According to The Economist, “THE most interesting thing about Cuba’s municipal elections on April 19th was not who won. It was who lost, and who did not even turn up.”
“Four months after a historic rapprochement between Cuba and the United States,” the article continues, and “for the first time two openly declared dissidents made it onto the ballot among more than 27,000 candidates competing for 12,589 municipal posts around the country. Predictably, they were defeated. But their participation was an unusually open act of defiance, not just by the two men but also by ordinary citizens who proposed them in a show of hands before the elections.”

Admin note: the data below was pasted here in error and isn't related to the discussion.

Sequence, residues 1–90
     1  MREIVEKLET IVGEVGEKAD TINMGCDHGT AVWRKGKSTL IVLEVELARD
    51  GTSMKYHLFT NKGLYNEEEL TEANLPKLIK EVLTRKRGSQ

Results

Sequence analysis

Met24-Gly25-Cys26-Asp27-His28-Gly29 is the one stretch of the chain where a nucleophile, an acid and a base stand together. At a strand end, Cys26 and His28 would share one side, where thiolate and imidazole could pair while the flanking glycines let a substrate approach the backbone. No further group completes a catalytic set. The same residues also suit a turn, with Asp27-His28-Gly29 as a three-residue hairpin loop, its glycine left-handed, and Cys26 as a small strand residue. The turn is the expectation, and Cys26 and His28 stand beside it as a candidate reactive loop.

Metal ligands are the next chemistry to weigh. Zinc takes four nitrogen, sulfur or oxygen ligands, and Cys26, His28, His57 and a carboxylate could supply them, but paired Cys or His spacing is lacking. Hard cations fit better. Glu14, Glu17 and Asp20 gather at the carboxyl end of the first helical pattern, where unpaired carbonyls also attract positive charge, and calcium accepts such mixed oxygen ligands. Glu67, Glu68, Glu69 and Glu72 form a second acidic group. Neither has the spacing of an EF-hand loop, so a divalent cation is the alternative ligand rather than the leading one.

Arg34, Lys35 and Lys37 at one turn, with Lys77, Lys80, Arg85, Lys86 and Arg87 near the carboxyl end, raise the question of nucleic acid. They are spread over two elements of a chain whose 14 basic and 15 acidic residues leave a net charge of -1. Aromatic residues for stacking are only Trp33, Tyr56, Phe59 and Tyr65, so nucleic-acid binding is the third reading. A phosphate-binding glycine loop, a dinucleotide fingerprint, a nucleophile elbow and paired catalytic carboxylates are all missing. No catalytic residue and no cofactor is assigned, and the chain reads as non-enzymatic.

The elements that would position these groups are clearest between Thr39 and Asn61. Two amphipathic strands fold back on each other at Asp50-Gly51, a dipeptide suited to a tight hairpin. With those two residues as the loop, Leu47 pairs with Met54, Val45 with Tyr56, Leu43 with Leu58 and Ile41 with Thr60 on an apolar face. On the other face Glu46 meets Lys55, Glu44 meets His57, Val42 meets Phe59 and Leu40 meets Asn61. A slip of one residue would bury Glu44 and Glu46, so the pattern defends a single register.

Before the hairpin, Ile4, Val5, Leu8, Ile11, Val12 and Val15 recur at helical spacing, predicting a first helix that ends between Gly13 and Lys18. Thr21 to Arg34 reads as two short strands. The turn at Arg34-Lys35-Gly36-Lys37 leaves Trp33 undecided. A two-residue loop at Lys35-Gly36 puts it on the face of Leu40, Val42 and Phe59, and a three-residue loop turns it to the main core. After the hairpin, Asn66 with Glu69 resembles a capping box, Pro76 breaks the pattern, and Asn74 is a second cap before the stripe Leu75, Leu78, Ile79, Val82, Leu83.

The Economist also mentions the drop in voting which “fell by almost six percentage points compared with the previous poll in 2012, to about 88%”and further remarks the claim that “rising absenteeism was a crack in monolithic support for the Communist Party.”
The article concludes that “such dissidence comes at a delicate time for Raúl Castro, Cuba’s president…Yet the Castro government may also feel that elections can be a useful outlet—so long as the ruling party continues to win. Eusebio Mujal-Leon, of Georgetown University in Washington, says it may be learning a warped version of democracy from its socialist ally in Venezuela, convincing itself that it can remain an autocracy while using elections to stay in power. The road ahead for Cuba’s nascent opposition is not an easy one.”
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